Driving along the winding dirt roads of Kenya’s central highlands, it doesn’t take long to spot scores of women farming in the mist. The Food and Agriculture Organization estimates that women perform 75 to 89 percent of the country’s agricultural labor. Yet all too often, this labor goes unrecognized.
Years of unequal education and training opportunities have left women with lower levels of literacy and less knowledge of agricultural techniques and markets than men. Women’s opportunities in the sector are further impeded by their limited access to land, machinery, inputs, and services. This isn’t just unfair—it’s bad for business. Researchers estimate that with the same access to productive resources as men, women could increase their crop yields by 20 to 30 percent.
In 2012, Root Capital launched the Women in Agriculture Initiative (WAI) to promote greater economic opportunity for women by supporting small and growing businesses that are committed to gender inclusion. Starting in 2016, Root Capital partnered with Value for Women, an expert in evaluating business practices with a gender lens, to help three Kenyan clients—The Village Nut, Sagana Nuts, and Shalem Investments—design projects to improve their inclusion of women and enhance workers’ quality of life.
Each client was awarded a Gender Equity Grant (GEG) of $20,000 USD for a one-year pilot. Each invested some of their own resources to implement the activities, while the grants offset most of their initial investment and risk. Our hypothesis was that, with a little help, committed businesses could make short-term investments in women that would pay off for the company itself in the long-term—building a “business case” for gender inclusion.
Late last year, Value for Women conducted an initial assessment of the social and commercial outcomes of Root Capital’s Gender Equity Grants. They completed in-field interviews, focus groups, and a document review for all three Kenyan clients.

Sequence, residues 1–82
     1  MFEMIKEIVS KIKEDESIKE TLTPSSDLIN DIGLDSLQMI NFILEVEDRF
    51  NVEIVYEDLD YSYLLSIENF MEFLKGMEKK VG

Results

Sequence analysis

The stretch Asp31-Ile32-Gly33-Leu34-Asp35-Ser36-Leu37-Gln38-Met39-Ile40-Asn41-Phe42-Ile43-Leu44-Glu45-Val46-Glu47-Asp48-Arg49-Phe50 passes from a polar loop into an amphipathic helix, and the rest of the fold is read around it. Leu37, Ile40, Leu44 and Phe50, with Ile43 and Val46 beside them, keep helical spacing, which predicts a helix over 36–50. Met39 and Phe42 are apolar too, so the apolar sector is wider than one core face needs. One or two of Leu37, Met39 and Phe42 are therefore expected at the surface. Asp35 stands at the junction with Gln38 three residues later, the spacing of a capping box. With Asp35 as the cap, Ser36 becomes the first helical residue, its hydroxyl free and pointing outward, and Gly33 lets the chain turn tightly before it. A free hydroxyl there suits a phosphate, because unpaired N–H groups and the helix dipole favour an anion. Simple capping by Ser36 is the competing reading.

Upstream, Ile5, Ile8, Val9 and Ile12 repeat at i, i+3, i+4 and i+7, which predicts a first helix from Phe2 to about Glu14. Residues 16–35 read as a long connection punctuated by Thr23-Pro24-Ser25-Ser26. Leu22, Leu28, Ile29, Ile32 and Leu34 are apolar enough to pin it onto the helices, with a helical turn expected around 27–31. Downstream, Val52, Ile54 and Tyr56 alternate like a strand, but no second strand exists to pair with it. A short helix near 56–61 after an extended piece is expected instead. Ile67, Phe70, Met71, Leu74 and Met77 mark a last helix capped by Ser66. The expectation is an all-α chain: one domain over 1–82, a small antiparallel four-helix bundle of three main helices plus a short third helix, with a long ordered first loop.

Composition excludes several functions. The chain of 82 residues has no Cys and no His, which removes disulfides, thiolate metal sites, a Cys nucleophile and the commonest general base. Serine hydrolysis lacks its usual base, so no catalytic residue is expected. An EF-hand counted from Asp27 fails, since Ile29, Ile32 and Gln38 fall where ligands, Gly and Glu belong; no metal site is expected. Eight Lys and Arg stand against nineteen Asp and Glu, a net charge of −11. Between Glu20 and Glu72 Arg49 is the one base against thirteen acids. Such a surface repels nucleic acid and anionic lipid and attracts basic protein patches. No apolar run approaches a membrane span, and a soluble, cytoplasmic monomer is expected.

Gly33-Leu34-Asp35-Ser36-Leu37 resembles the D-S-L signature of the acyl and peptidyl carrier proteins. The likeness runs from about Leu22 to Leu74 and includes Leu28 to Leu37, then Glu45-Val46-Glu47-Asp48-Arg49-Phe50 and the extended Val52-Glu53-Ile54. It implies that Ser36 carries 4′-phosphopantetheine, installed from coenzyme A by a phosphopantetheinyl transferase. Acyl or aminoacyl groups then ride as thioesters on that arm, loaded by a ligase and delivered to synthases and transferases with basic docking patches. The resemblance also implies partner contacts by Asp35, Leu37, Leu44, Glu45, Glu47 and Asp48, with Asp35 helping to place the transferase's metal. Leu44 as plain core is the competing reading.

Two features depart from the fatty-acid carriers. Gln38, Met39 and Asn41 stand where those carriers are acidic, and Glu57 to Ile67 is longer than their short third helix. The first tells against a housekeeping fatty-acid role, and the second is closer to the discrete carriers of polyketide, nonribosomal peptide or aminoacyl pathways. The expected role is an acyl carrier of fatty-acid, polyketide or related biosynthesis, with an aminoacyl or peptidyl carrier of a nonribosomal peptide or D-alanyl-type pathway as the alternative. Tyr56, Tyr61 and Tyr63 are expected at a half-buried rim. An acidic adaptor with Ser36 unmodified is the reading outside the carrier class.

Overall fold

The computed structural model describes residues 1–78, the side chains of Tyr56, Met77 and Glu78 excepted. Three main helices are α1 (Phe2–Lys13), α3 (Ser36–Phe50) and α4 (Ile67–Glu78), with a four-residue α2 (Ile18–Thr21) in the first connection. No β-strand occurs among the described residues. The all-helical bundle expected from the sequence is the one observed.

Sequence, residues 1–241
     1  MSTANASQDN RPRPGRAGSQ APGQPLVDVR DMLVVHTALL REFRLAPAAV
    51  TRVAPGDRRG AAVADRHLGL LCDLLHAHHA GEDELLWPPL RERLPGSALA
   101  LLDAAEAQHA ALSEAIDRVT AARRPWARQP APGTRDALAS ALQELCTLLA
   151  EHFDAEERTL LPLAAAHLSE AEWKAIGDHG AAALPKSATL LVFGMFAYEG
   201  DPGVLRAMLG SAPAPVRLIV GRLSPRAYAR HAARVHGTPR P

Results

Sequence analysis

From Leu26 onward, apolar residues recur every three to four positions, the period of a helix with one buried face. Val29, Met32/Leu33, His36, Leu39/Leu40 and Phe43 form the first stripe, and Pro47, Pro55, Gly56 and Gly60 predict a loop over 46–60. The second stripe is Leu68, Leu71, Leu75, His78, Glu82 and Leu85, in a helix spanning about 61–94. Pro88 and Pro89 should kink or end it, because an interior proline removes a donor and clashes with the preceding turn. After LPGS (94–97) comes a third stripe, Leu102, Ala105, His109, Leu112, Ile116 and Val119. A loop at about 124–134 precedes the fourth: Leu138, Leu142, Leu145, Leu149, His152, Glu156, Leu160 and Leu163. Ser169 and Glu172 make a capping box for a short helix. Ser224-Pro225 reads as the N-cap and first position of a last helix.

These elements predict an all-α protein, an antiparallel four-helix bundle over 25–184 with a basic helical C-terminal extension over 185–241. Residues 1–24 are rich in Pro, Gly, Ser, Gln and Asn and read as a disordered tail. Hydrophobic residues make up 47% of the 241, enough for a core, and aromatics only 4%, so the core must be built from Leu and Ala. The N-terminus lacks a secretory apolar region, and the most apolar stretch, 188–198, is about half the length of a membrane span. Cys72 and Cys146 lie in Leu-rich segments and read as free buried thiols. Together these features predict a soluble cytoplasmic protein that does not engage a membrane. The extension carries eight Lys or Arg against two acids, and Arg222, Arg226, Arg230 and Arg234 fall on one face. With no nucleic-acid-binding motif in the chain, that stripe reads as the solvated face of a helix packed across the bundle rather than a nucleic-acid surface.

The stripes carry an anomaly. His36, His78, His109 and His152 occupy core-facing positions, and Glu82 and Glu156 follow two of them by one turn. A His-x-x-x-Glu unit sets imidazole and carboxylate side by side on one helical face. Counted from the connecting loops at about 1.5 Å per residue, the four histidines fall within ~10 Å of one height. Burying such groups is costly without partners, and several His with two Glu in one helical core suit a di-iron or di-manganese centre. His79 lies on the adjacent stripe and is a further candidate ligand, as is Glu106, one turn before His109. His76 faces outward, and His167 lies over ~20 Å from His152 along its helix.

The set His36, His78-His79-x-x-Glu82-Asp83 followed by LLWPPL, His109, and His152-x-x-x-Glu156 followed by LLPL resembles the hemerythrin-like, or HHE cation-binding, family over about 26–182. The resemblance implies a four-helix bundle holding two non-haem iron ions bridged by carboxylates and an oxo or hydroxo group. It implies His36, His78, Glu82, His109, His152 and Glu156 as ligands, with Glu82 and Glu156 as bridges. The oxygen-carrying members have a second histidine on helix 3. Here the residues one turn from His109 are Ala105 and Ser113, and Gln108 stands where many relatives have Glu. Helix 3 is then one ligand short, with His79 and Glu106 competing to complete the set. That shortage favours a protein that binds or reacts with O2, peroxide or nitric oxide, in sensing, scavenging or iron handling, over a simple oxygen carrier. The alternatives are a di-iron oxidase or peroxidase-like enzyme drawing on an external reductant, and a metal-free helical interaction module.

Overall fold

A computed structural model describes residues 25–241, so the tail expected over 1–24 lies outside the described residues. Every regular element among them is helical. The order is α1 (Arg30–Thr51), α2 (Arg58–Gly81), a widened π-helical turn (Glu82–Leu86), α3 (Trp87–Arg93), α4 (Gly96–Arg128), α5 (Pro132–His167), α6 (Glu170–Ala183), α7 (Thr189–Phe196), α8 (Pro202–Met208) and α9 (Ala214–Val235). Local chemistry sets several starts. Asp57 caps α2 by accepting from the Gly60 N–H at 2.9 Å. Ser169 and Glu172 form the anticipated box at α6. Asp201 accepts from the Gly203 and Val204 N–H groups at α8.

In the evaluation, we learned that—while each client chose different projects based on the needs of their respective communities—all three GEG recipients reported significant benefits at the individual, household, and enterprise levels. Some workers described increasing their savings and learning new productive skills, which had positive benefits for the individuals and their families. Many of those interviewed also reported that the GEGs increased women’s (and men’s) satisfaction with their employer, leading to mutual loyalty and a drop in the number of workdays missed. This corresponded to gains in productivity, cost-savings, and a more consistent supply base—all trends that positively affect business. Based on these encouraging findings, we are working to expand the program in East Africa and South America.
With evidence of life-changing social benefits as well as promising outcomes at the business-level, the GEG program is strengthening the case for gender inclusion. By reducing gender gaps across their value chains, The Village Nut, Sagana Nuts, and Shalem Investments are demonstrating the unique capacity agribusinesses have to improve the lives of women in rural communities. The success of the first three GEG recipients is evidence that financial institutions and agribusinesses can work together to improve women’s opportunities and company performance at the same time.
Read a summary of the Gender Equity Grant evaluation.
What a Gender Equity Grant accomplished at one sorghum business.
Click the photos below to read more about how Gender Equity Grants are benefitting women in rural Kenya:
What do you think?